Paterson awards $1.8 million contract to upgrade police HQ heating and cooling system | Paterson Times Paterson Times

Paterson awards $1.8 million contract to upgrade police HQ heating and cooling system

By Jayed Rahman
Published: December 13, 2018


After years of delay and many complaints from employees, the city has awarded a $1.82 million contract to a firm to upgrade the heating, ventilation, and air conditioning (HVAC) system at the Frank X. Graves Public Safety Complex.

Council members awarded the contract to Johnson Controls of Edison on Tuesday night. Public works director William “Billy” Rodriguez and municipal facilities superintendent Luis Guzman said the upgrades will address workplace violations in the building.

“This system has been there for 40 something years. It’s time to replace,” said Guzman. He said just in the past weeks there were four broken pipes due to lack of proper heating at the building on Broadway.

Guzman said the new system will improve air quality in the building. Municipal officials said the city is under a court order to address the inadequate heating and cooling situation at the public safety complex.

“It’s definitely a positive for our members because there’s quite a bit of time during the freezing cold winter months where we have to have portable heaters which cause electrical failures in the building,” said Mason Maher III, president of the Superior Officers’ Association. “In the summer time it’s the same, just the reverse. We’ve had readings in the building in the mid to upper 90s.”

In January, some parts of the Frank X. Graves Public Safety building was without adequate heat. A pipe burst in the building, forcing the city to let some employees leave work early.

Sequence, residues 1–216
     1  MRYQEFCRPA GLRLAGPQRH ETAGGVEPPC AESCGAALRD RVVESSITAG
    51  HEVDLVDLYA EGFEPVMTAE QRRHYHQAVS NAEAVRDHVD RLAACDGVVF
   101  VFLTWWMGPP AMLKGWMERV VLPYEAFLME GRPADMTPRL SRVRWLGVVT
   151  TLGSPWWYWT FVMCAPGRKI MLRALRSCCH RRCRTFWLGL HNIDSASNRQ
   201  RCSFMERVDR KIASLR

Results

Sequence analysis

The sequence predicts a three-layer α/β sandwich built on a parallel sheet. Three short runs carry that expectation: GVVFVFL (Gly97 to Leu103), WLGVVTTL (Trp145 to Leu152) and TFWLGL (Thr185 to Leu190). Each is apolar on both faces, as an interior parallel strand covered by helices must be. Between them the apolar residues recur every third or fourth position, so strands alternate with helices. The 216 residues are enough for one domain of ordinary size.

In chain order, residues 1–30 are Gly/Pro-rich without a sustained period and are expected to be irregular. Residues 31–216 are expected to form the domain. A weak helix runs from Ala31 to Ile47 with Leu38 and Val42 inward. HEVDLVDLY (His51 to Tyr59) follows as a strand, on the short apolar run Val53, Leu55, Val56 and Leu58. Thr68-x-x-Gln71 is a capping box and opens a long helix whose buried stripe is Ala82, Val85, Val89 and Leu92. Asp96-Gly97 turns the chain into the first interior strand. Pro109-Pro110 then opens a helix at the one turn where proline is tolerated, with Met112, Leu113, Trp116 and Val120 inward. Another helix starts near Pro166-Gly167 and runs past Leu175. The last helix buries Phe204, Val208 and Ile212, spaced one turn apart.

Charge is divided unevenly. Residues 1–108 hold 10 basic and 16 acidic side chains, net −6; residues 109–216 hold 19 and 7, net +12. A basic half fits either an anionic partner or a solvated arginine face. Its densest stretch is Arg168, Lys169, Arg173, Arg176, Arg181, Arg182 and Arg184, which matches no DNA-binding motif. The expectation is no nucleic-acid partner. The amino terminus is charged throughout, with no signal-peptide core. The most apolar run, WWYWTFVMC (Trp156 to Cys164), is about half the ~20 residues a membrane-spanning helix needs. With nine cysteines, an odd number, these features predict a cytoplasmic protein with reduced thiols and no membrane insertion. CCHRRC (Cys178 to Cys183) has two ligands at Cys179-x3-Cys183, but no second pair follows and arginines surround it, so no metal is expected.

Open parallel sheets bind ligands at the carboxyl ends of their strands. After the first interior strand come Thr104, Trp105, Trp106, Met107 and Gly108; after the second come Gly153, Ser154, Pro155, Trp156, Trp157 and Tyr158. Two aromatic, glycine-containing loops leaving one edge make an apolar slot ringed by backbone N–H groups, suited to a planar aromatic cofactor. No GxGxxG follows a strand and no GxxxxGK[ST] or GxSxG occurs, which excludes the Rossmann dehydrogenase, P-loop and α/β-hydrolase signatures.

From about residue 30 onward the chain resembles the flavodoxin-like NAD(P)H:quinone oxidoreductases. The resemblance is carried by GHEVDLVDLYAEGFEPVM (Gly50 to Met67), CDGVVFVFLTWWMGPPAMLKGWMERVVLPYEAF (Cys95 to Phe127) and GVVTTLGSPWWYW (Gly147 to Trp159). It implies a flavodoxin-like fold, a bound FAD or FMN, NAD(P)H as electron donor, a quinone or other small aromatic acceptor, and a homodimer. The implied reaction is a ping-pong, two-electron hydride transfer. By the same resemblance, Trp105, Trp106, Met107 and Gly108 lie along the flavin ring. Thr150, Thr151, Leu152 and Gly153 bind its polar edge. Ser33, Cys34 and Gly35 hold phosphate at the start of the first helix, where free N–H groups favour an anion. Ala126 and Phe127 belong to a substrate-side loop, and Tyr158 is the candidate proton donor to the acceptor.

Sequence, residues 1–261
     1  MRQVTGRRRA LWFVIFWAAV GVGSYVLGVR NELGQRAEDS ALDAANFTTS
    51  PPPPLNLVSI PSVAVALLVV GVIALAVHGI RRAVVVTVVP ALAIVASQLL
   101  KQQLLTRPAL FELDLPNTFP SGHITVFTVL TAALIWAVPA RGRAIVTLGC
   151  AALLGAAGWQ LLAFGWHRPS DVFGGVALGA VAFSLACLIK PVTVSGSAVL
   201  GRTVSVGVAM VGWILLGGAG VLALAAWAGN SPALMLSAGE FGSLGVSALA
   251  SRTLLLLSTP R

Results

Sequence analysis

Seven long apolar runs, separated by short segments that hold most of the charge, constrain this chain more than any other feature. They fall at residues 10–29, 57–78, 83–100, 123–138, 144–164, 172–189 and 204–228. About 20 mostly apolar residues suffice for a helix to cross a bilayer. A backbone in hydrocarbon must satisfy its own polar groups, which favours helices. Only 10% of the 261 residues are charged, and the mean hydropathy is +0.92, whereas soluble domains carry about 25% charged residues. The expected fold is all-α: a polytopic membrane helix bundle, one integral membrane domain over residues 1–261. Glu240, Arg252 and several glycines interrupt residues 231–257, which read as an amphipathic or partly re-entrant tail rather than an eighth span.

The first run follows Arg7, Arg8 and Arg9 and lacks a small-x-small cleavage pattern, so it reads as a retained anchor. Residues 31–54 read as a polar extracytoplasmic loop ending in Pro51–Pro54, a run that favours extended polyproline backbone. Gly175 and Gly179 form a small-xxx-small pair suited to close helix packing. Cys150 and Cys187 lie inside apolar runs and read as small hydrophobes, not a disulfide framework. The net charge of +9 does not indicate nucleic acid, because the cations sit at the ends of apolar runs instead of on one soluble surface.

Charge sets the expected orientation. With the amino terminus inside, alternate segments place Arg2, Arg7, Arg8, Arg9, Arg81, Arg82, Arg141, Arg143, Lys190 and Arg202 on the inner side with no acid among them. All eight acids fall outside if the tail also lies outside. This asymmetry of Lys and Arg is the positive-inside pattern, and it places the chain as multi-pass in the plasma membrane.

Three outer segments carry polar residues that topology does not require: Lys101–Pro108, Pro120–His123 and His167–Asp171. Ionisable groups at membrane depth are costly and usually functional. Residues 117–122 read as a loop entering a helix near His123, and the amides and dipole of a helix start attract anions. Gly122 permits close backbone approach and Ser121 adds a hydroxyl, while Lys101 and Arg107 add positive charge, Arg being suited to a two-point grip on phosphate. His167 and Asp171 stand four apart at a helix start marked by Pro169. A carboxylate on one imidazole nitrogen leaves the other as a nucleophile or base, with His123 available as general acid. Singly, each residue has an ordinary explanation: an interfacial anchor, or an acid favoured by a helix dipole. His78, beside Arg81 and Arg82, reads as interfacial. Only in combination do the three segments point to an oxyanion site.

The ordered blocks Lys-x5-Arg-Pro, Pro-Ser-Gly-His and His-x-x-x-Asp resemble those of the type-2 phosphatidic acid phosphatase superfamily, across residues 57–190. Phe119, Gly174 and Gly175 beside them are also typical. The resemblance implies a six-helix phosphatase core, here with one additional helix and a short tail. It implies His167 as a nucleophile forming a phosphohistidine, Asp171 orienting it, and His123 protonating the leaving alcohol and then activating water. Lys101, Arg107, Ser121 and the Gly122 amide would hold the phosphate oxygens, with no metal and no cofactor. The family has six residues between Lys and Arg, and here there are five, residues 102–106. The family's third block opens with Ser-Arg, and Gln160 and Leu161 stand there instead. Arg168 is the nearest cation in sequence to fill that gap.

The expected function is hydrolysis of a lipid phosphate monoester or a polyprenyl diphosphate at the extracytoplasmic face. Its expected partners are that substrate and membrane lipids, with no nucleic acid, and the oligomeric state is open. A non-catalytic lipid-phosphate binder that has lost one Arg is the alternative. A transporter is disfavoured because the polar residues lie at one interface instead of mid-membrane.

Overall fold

The city borrowed funds in Mar. 2018 to comply with a judge’s order. Council members were asked to approve borrowing funds in Sept. 2018, but delayed approving the measure for six months.

“These facilities are so out of date. The discussion that I thought would be more advantageous would be talking about putting up new facilities,” said Michael Jackson, 1st Ward councilman, who went on a tour of government buildings.

Jackson, sole vote against the measure, suggested it would be more cost effective to build a new public safety complex than to continue to make repairs.

Maher described the building as being in a “deplorable condition.”

“It’s in horrendous shape,” said Maher. “We’d like to see a new building.”

The city will need to identify state and federal grant sources to put up a new building. In 2015, the city opened a new firehouse on McBride Avenue. The building cost $7.9 million, $4.5 million came from president Barack Obama’s stimulus fund created in the aftermath of the Great Recession.

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